Less than 40% of Arizona doctors use prescription drug database, despite state law
PHOENIX – Arizona law requires doctors to check a state database before they write a new prescription for a controlled substance, such as opioids.
Yet less than 40% do.
Sheila Sjolander, an assistant director at the Arizona Department of Health Services, said department officials know that’s a problem they’re “all struggling” to address in the state’s fight against opioid addiction. Stakeholders met last week to come up with potential solutions. However, a DHS spokesman on Wednesday said he would not disclose details from that meeting.
Even though the state mandates doctors and pharmacists check the database, there seems to be little oversight to hold them accountable.
“That’s really up to the licensing boards, and it may not come to the attention of a board unless there’s an issue or a complaint,” Sjolander said.
The Arizona State Board of Pharmacy runs the Controlled Substances Prescription Monitoring Program, or CSPMP.
When a patient comes into a pharmacy with a prescription, pharmacists log the drugs into the database. Doctors also can check to see what medications a patient already has received.
The state launched the system in 2009, but doctors were not legally required to look at a patient’s prescription history, according to Cronkite News.
Gov. Doug Ducey declared a public health emergency in Arizona in 2017, calling for a statewide push to reduce opioid deaths. And in April 2018, a new law went into effect mandating licensed medical practitioners check a patient’s history for the previous 12 months before prescribing a controlled substance.
The latest opioid report from the department shows little change among practitioners, despite the new law.
– Video by Bryce Newberry
In January 2018, about 35% of prescribers checked the database at least once a month before prescribing a controlled drug. In December – after the new law went into effect – only about 38% of practitioners did so, according to the report.
“We know that there’s still a really low utilization rate,” Sjolander said.
However, she said the state has done well responding to the opioid epidemic in other areas.
“The response that we put forward was a significant leap forward with a substantial amount of action occurring in a short period of time,” she said.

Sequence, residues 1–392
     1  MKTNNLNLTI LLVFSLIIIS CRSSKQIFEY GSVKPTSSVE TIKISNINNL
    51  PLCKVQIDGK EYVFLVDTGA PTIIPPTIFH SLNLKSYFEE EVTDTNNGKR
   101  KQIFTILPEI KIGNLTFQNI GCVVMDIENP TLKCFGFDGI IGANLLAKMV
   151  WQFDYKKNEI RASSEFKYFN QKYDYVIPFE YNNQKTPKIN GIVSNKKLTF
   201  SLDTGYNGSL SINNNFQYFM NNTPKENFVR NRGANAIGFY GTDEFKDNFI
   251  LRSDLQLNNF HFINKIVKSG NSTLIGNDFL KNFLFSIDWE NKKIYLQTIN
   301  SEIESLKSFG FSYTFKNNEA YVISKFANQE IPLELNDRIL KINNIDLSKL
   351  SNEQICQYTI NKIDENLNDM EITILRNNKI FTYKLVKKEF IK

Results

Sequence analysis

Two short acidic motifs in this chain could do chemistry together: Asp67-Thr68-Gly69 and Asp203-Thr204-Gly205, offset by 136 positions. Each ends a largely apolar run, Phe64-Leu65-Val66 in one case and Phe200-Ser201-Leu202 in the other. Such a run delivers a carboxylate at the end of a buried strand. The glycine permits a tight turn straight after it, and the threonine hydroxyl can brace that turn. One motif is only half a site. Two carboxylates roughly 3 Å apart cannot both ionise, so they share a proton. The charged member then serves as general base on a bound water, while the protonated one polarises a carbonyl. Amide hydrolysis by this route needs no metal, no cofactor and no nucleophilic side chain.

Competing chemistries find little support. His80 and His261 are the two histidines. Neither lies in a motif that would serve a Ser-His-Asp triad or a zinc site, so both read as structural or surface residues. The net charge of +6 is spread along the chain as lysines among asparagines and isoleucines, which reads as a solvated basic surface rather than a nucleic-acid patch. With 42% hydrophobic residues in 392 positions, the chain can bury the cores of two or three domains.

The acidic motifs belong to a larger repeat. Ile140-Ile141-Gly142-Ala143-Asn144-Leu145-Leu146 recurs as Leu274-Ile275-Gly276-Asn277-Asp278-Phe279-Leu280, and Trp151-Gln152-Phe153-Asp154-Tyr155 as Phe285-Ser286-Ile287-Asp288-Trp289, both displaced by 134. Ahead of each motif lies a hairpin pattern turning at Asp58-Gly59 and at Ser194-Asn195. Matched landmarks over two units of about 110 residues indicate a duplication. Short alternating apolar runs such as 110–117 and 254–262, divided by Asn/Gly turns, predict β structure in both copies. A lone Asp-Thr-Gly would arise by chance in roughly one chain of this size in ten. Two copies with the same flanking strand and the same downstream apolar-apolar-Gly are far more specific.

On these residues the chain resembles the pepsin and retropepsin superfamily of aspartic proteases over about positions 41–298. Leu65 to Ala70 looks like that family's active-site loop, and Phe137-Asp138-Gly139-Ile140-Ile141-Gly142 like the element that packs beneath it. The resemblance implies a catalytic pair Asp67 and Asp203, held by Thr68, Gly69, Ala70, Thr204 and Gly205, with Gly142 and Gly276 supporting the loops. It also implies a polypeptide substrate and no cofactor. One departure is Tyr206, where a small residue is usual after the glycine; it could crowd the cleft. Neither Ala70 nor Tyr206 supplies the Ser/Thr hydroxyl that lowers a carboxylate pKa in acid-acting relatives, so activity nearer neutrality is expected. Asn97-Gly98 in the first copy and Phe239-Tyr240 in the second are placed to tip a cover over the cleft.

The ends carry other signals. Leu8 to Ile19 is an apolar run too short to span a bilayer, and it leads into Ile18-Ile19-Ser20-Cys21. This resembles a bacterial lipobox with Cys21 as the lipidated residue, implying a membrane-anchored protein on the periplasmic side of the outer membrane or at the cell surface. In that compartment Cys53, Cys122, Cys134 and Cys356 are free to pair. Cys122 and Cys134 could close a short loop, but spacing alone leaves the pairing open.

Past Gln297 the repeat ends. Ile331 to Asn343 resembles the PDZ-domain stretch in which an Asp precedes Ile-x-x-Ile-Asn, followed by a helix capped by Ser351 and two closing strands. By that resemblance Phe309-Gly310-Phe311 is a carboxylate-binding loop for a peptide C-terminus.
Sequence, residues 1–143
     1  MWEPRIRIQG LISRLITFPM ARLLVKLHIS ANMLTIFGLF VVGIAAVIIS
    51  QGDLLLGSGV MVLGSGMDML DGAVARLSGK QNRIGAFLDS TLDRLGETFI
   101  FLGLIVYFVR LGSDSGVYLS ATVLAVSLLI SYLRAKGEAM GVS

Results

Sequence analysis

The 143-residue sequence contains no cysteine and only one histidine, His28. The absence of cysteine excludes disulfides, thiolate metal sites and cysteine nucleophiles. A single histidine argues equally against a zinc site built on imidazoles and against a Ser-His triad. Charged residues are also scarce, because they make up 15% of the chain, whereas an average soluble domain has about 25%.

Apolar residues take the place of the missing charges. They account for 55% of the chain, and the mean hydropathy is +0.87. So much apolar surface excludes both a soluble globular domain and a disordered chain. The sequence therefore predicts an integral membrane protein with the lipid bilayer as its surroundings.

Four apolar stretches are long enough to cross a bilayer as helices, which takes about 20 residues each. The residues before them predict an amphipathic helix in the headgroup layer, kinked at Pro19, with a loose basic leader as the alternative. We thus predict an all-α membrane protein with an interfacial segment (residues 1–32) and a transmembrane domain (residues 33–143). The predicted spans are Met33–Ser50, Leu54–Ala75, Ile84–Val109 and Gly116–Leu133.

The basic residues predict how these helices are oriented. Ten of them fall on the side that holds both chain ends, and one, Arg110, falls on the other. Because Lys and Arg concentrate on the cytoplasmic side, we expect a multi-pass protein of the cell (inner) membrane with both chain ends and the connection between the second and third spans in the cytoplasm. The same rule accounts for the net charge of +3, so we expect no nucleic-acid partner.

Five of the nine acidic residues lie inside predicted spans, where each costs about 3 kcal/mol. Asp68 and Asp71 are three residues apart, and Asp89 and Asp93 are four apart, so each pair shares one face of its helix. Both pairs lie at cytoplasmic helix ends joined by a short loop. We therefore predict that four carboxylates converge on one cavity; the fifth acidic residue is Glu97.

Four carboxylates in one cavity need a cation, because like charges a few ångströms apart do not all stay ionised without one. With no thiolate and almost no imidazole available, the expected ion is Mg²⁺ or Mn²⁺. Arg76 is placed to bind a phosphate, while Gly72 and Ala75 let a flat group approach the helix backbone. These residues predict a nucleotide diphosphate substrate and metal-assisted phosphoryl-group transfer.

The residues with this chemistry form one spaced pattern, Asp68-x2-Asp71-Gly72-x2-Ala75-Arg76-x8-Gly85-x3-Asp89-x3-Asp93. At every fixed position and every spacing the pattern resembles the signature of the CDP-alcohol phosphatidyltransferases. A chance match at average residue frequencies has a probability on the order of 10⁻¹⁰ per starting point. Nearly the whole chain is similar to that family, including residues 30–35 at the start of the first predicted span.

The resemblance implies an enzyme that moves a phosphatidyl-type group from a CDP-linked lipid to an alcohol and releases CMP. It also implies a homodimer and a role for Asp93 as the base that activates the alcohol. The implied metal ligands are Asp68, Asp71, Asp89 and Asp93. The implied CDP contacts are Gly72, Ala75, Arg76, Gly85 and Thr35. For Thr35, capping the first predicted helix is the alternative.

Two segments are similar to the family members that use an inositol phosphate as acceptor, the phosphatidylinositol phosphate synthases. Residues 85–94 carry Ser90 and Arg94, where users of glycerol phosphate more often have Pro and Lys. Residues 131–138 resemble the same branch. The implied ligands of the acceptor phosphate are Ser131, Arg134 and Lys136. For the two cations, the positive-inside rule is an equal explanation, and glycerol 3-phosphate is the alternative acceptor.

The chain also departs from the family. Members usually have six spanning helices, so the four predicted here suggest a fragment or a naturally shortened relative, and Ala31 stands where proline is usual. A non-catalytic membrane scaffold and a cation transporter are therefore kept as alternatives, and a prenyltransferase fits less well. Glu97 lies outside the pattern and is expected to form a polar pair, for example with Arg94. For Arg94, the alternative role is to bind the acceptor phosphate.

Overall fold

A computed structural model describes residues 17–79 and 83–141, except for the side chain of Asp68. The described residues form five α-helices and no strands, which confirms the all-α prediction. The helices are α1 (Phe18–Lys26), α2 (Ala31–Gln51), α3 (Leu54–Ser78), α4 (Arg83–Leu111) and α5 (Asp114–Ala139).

The state launched a hotline for people struggling with opioid addiction and increased access to naloxone, a life-saving antidote to an opioid overdose. It also helped develop a curriculum for Arizona medical students to address pain and addiction.
The state included more than a dozen undergraduate health professional schools to create the curriculum, including Charlotte Thrall from Arizona State University’s Edson College of Nursing and Health Innovation.
“The goals were to effectively equip our students when they graduate to be able to appropriate treat acute and chronic pain as well as treat substance use disorder,” she said. “This is a crisis that our graduate students need to be prepared to intervene in.”
Jessica Wagner is one of those students. She said it’s important to try the basics first.
“Let’s try ibuprofen,” she said. “Let’s try Tylenol first. Let’s try physical therapy. Let’s try like biofeedback. Let’s try acupuncture.”
She’s optimistic she can help the fight against opioid abuse.
“Graduating in 2019 as a prescriber and provider, I think I have a fresh view, fresh eyes on the opioid crisis,” she said. “Coming out with an entirely new view and perspective on addiction and pain, I think is hugely beneficial.”
Despite the gains, Sjolander said the state has more work to do.
“Our efforts have been tremendous, (but) we mustn’t let up on that effort at all,” she said. “We still are seeing an increase in overdoses and deaths, and that may be the case unfortunately for a while yet.”
In 2018, 1,375 people died from a suspected opioid overdose in Arizona. Officials didn’t begin enhanced tracking efforts for opioid-related overdoses and deaths until mid 2017.
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